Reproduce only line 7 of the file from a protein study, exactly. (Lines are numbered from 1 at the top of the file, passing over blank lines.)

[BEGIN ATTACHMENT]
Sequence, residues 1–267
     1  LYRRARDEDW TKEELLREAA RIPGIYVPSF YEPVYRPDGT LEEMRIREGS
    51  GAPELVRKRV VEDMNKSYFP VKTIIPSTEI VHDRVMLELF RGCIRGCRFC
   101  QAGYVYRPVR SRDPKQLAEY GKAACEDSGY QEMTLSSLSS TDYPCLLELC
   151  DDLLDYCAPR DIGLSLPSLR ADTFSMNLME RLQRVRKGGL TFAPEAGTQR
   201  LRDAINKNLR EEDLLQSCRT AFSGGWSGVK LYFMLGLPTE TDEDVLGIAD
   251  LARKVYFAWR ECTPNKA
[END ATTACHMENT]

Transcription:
   251  LARKVYFAWR ECTPNKA